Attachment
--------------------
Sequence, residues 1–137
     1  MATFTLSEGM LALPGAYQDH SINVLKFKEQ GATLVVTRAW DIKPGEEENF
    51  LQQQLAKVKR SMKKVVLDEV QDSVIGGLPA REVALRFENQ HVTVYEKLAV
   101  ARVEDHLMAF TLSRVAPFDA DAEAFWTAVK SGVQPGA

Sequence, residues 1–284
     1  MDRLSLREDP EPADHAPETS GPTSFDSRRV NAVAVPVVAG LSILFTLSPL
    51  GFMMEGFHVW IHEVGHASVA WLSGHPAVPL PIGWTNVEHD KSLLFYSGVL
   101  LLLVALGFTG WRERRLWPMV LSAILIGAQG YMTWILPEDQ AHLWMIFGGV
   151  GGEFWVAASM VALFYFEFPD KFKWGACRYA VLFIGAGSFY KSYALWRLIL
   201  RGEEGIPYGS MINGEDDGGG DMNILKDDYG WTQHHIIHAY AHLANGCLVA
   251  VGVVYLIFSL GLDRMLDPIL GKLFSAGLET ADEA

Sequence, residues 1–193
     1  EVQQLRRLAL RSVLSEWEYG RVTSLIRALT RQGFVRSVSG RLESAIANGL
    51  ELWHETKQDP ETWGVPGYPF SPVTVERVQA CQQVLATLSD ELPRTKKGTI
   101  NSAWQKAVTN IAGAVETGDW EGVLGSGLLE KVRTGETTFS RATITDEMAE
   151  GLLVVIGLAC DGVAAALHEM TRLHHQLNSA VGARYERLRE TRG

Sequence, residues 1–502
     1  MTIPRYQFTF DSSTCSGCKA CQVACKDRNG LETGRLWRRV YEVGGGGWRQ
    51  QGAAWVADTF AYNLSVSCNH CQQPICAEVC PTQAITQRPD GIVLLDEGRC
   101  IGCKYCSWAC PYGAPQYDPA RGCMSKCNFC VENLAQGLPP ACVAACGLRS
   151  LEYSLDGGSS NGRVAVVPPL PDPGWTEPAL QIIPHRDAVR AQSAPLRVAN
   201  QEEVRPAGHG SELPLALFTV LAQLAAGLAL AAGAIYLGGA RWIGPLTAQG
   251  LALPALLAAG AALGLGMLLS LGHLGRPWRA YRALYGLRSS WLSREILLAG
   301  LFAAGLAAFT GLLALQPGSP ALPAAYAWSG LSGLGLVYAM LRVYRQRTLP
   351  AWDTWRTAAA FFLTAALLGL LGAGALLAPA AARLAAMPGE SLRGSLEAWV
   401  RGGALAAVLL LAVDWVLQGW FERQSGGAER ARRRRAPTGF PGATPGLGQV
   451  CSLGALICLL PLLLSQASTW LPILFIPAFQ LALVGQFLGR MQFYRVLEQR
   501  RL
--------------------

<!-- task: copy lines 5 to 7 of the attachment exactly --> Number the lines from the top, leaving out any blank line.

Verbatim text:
Sequence, residues 1–284
     1  MDRLSLREDP EPADHAPETS GPTSFDSRRV NAVAVPVVAG LSILFTLSPL
    51  GFMMEGFHVW IHEVGHASVA WLSGHPAVPL PIGWTNVEHD KSLLFYSGVL